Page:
Reading and listening to port submissions has led me to see what a wonderful job the HBRC council has done of confusing the whole port issue, and right on Christmas as well.
These are old tricks to push agendas through an unprepared public.
They've been shifting justifications in response to well written articles and submissions. These have ranged from megaships to environmental needs.
Many submitters who opted for 100 per cent ownership understood the importance of control and were prepared to take a rate increase.
Others who went for some sort of sale did not understand that anything less than 100 per cent control was not control, plus they did not want their rates to go up too much.
The reality is the rates don't have to go up very much at all.
Of the $60 million left over from the dam, $50m was until very recently sitting in a term deposit account, and this is while we were paying interest on $86m loan.
Financially we would be far better if we used that $50m to reduce the debt to $36m and spread repayment over a longer period.
And $34m of that $86m was to buy two new cranes so some user pays could come into play.
The $50m is now in the hands of some financial people who will essentially gamble with it on the financial markets.
This is at a time when the international economic situation is looking very uncertain.
Trump verses China, Brexit, the rise of nationalism in Europe and in NZ, banks now demanding interest plus principal repayments of loans to dairy farmers and others.
Short-term interest rates in the US are paying higher than long-term interest rates — a recognised recession indicator as long-term prospects look bleak.
Ports like ours are sound investments and provide better recession-proofing than many other investments. This is because of their diverse income streams and we win whether the NZ dollar is up or down.
Post the 2008 global meltdown, our port continued to perform well.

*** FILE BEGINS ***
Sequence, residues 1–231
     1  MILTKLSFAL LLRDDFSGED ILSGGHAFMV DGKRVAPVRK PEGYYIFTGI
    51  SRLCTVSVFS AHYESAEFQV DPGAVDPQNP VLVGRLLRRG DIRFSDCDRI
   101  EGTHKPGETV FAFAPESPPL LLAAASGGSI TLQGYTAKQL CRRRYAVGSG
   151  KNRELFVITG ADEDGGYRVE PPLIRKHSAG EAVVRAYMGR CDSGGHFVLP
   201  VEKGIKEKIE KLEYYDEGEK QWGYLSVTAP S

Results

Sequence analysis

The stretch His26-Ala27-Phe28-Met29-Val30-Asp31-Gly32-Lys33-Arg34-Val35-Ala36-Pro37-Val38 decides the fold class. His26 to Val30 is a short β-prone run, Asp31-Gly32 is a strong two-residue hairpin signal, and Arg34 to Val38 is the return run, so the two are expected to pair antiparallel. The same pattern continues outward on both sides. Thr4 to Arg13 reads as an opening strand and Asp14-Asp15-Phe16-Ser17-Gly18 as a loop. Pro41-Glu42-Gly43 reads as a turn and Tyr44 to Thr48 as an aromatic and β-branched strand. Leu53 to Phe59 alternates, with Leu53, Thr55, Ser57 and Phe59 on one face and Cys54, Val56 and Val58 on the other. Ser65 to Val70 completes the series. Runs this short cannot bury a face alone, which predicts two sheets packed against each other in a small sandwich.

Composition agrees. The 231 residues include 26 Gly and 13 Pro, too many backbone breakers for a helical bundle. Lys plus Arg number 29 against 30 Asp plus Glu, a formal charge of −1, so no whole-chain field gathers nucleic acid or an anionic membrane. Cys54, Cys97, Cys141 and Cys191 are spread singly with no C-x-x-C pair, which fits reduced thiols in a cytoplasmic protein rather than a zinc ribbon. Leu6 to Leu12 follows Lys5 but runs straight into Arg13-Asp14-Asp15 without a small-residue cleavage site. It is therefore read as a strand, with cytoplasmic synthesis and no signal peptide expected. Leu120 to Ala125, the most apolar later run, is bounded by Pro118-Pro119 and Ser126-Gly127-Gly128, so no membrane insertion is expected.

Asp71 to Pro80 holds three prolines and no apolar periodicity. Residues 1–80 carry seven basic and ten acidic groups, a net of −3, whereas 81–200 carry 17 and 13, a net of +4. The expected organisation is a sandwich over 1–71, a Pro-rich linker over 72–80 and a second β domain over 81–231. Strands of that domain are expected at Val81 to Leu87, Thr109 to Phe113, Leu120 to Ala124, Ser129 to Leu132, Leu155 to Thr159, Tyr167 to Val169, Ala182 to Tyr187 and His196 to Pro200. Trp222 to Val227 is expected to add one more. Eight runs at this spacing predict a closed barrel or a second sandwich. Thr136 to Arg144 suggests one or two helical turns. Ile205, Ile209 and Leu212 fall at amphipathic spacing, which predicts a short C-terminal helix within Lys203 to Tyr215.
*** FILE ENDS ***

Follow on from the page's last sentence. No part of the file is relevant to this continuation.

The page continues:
HBRC has sown more confusion by first telling us we need to sell the port for port expansion to cater for very big ships BUT not megaships which are in fact very big ships.
We are then told the $350m for expansion can be paid for out of port income plus a dividend if only the port could get its $86m debt off the books.
Once that's off the books, it's plain sailing with ability to pay private investors a commercial return.
So after the port's part-sold, private investors will reap the benefit, not us.
Much of this benefit will come out of the port users' pockets.
In his verbal submission Xan Harding, speaking on behalf of the Wine Growers Association, indicated his enthusiasm for free-market forces .
He went to the extent of agreeing that if under privatisation port charges went up, that would be acceptable.
Free market rules and all that.
I would say here I'm good with his acceptance of paying raised charges if we keep port in 100 per cent ownership and we reap the benefits.
Good on ya, Xan and the winegrowers.
Their arguments keep shifting.
A new line is we have to sell off a chunk of the port to save the environment.
You can just about cut and paste that one from the dam propaganda.
Just substitute from "build a dam" to "sell the port".
The idea presented is we need a big cash fund for environmental reasons and we can get that by selling off part of the port.
But if you take say $80m out of the good safe investment in the port, where are you going to put it — what would be any better or safer?
It would be wiser in my opinion to pay off the debt as I and others have suggested and leave capital in the port. A percentage of dividend returns can be ring fenced to serve the environment.
Stuart Nash hasn't made things any more straightforward by inflating the supposed rate rise from HBRC's just under $100 to $143.
That is just adding to HBRC's scaremongering.
Maybe the man is too busy to also note that the port is saying it can pay a dividend and expand if we take its current debt away.
In fact, HBRC is saying we will still get the same dividend even if we give 49 per cent of it away. I haven't figured that one out yet. Perhaps they are going to print money or maybe it's just a tricky shell game.
Thanks Stuart and the HBRC, we needed the waters more muddied.
A clear point made in the submissions by the very qualified Clarence Jacobs stands out.
He basically said if the port could produce enough income to satisfy private investors it would then have enough income for bonds to be issued. With bonds we can retain 100 per cent ownership.
I think we should take note of this.
I also think that when financial times look risky we should look for a safe harbour. That would be our port.